I have good memories of my family getting together when I was younger. It was me, my cousins, and all the adults. It seemed fun at the time to sit for long periods of time, listening to each other at the dinner table, playing games, laughing at our dumb jokes, and making fun of the silliest things.
But at some point we grow up. Somewhere between 23- and 45 we think we know it all and don’t have time to reconnect with the people we love. Maybe its intentional – a way to distance ourselves from the “crazies”. Maybe our discontent rises out of hurt and suffering from a hard situation that occurred. Maybe, just maybe, the thought of spending time in the same room with the most annoying people on the planet makes you cringe. These are real feelings and you own them.
It’s also possible that the disconnect is entirely distance, cost, and timing. “It’s just so hard to get together like we used to” is what one young man in his 30’s told me at Starbucks this morning. Due to the rising expense of travel, meals, etc. people don’t have the freedom they used to have.
Whichever place on the “togetherness spectrum” you find yourself, getting together with our kin helps us with reminders of where we come from:
I’ve gleaned a few things from Family Reunions:
1. Who I was, and who my kids are turning into
No doubt about it, someone is bound to come up to me and say how identical my kids are to me when I was growing up. Old people love showing old photographs of me when I was in the bathtub or running naked on the lawn as child… saying how much my kids remind them of me. All I have to say in return is that I don’t let my kids run around naked in the yard – I’m not interested in getting arrested!
But the fact of the matter is that they are right – our kids come from our identities and our values. And nothing works better when examining your life than to look in the mirror right in front of you – your kids. UGH!
2. What I love more than I think
Forgive me for stepping on your toes for a minute, but we do what’s important to us. If having coffee in the morning as you wake up, reading the paper, or enjoying your Facebook profile posts is something you enjoy doing – then you’ll do just that. Your day goes smoother and happier when you’re doing what’s important to you. If you desire snow boarding in the winter in Utah you will make time and provision for it. We cultivate what we want. Good or bad. Like it or not.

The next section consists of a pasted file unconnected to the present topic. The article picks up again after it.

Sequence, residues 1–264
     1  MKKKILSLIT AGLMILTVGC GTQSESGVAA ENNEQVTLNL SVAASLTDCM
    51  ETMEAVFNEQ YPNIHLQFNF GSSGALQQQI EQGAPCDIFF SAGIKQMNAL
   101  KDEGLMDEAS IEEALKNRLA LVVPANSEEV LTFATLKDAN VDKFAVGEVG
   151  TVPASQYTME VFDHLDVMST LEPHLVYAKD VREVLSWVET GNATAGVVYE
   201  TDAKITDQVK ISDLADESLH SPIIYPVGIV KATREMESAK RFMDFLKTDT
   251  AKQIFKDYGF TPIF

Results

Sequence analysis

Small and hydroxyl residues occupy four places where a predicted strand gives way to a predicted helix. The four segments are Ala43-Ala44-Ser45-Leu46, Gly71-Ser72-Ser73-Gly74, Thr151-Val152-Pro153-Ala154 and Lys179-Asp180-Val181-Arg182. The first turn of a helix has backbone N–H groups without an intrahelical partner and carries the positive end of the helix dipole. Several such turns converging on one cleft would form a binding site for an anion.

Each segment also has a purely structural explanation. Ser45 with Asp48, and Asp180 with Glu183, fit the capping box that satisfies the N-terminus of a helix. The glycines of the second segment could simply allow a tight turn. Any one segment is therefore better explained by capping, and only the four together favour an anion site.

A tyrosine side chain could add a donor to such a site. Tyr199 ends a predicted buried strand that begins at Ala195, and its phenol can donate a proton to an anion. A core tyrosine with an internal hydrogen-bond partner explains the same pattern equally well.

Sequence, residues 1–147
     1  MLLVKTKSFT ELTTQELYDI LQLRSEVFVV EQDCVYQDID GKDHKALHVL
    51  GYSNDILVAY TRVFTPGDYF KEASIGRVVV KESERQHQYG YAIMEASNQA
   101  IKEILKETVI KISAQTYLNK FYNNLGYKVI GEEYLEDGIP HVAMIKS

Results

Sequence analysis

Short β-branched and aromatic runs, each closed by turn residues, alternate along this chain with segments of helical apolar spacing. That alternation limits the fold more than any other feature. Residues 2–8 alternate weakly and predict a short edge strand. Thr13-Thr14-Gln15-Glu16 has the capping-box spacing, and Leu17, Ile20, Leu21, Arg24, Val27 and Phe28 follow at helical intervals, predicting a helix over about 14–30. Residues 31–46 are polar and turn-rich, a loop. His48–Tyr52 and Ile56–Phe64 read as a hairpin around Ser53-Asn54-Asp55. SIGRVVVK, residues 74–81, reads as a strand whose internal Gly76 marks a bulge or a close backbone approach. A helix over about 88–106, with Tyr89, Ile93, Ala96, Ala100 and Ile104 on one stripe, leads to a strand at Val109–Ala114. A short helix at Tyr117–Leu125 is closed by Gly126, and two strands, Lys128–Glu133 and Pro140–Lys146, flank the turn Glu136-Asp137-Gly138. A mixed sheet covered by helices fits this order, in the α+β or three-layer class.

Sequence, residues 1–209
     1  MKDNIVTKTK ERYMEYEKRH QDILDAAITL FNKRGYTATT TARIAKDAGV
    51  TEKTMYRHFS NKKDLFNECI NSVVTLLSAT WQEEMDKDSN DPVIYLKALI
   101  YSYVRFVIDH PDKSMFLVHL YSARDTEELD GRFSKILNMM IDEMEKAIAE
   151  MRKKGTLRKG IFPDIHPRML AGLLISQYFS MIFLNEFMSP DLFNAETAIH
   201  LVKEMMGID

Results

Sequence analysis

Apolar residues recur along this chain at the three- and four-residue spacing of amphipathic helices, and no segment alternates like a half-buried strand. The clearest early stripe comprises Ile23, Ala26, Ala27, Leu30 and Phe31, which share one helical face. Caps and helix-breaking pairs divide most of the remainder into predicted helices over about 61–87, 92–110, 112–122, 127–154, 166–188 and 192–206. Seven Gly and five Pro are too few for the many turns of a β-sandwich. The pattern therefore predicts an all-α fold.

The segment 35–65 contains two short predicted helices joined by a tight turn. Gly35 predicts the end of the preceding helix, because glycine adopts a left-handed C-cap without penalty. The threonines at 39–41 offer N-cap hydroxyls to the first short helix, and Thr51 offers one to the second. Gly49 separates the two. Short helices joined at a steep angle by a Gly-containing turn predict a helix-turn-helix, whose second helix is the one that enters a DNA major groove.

Showing up or not showing up to the Family Reunion says what’s important to us. Beyond the occasional “I can’t make it this year due to my new job or its our year to join in with the in-laws in Vermont (doesn’t that sound better than in Texas?) is acceptable to the family. But if year after year, day in and day out you are having to justify why you wont be at the gathering, perhaps – just maybe – you don’t value them. And that’s okay too.
3. It’s okay to not want to be around “those people”. Really.
The fact that so many of us suffer from hardships in our families, makes getting together challenging. I’m fairly certain that as I look around me today from my Starbucks table I can interview people who want nothing to do with their upbringing simply because it’s not what they want to remember or who they want to be now. And that’s okay.
4. Reunions can make me thankful
I have a thankful heart as I look back into yesteryear. Just the other day I was able to reconnect with my cousin who has been off the radar for a while. We reconnected easily and now when I’m going to be speaking in a neighboring area, we make a point to see each other. I love these times of the joining up of our hearts. My heart becomes full.
The roads I’ve been on and that you’ve been on do shape us. Family Reunions and get togethers can create a space for us to look back at what has occurred. They create a space for us to look ahead.